Teacher and indeed ambassador of the ukulele in both its promotion and history in his very own Italy to Hawaii and beyond, Francesco Albertarazzi unmistakably has the tenor ukulele skills to match his passion.
His new album “Ready For A Long Trip” is a journey through a contemporary ukulele sound bringing modern jazz fusion, light rock and almost atmospheric pieces skillfully together backed by a refined pianist and an accomplished band in the performance of eight original tunes.
That distinct jazz style is immediately established with A Shot Of The Sun, rock drums pushing along some sweet ukulele picked riffs ably backed by a sensational flurry of fretless bass guitar very much in the mould of the late great Jaco Pastorius. Indeed that whole fusion side to the album leans towards the sound of the American 70’s and 80’s band Weather Report.
Men Of The Mountains then shows us the different timbre, a compassionate approach of melody and rhythm blended beautifully with a wonderfully restrained piano resulting in a truly elegant and almost pictorial piece of music allowing the mind to take its own expedition of artistic impression, something that perhaps is at the heart of all truly great music. Happy Birthday returns us to the fusion tone with outstanding parts from every member of the band. Whether drum solo, nimble rumbling bass line, swirling organ or flourishing ukulele melody the quality of musicianship here is highly distinguished.
And so this question and answer of alternating character between the eight individual pieces continues. For Hey Man… The Last Embrace (dedicated to Francesco’s good friend the late Marko Van der Horst) again brings us down to uke and piano, no less driven but exhibiting a delicate tactility to every note and indeed every space which creates a truly graceful sound. The concluding four songs then follow this rotating pattern finishing with The Old Carrillion, synthesized strings adopting the supporting role in lieu of the piano whilst the ukulele continues to take the melodic focus.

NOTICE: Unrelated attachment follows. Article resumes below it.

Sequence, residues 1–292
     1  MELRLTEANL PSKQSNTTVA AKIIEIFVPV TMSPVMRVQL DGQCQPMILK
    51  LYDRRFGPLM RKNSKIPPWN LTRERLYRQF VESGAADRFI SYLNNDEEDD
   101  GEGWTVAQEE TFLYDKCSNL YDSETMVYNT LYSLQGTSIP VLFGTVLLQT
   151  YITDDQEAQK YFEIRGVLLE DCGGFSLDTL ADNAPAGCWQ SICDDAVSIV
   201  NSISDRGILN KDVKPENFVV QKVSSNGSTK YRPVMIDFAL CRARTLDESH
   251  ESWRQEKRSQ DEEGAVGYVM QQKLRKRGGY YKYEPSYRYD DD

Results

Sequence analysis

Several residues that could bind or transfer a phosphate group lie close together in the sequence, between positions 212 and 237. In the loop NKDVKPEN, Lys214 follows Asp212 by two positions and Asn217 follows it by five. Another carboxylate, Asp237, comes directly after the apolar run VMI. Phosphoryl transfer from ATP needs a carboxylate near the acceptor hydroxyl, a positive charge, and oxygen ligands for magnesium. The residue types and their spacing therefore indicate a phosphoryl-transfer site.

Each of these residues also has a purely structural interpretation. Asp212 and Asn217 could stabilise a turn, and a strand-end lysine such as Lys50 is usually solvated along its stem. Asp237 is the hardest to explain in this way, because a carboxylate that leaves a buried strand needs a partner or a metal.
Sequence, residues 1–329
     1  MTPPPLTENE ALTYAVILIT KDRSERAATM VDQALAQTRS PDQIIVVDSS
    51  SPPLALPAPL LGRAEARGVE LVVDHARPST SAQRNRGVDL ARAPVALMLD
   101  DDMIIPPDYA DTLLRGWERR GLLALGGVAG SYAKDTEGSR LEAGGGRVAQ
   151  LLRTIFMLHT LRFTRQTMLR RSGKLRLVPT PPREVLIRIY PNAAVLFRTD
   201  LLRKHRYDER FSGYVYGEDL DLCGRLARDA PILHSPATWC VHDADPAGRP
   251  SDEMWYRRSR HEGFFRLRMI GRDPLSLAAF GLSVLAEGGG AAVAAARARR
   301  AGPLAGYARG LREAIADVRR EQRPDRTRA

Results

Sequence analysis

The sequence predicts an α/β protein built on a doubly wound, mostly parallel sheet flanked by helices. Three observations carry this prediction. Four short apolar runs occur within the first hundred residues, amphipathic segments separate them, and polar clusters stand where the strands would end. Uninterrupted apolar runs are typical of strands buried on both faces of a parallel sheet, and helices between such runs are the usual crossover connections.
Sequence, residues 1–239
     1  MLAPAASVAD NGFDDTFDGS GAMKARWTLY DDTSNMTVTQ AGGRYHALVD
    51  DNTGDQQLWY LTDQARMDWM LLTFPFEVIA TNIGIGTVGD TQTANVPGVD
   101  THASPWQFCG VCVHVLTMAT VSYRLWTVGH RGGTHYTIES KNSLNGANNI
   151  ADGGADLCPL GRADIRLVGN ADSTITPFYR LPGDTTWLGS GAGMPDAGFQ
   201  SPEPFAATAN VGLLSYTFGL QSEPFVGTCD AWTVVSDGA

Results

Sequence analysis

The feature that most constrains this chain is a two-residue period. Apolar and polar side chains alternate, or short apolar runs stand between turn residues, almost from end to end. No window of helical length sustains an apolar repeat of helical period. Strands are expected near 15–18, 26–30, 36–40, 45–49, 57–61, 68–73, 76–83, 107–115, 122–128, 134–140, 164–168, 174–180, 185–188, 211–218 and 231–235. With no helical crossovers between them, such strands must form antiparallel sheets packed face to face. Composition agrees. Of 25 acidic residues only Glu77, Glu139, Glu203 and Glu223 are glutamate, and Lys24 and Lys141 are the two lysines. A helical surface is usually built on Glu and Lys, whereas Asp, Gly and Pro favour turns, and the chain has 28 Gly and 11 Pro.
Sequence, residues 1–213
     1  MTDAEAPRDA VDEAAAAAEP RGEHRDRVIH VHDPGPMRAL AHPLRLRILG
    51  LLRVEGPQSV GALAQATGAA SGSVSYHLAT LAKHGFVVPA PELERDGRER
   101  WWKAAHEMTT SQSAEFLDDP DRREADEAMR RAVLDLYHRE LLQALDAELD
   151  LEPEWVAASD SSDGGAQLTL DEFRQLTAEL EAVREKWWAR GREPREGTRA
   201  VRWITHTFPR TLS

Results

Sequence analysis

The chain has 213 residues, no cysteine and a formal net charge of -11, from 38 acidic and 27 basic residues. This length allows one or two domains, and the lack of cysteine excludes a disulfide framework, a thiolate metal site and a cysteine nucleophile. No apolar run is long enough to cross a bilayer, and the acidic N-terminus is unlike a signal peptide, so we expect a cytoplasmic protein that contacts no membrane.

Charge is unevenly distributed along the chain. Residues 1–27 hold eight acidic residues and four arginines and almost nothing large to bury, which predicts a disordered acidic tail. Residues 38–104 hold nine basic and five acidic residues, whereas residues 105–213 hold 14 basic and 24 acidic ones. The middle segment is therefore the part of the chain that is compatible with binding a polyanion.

As a coda to the album we are given two bonus tracks in the shape of live versions of pieces we’ve already heard, recorded live at the Grand Southern Ukulele Festival and arranged solely for uke and piano. The songs have a very natural timbre, perfectly played and it’s nice to hear The Old Carrillion arranged for piano rather than strings giving it a lighter feel.
Eminently talented, Francesco Albertarazzi has produced an instrumental work in a modern style that radiates creative flare, elegantly performed with a masterful and seductive touch.
This review first appeared in the fabulous UKE Magazine Issue 7 (September 2016).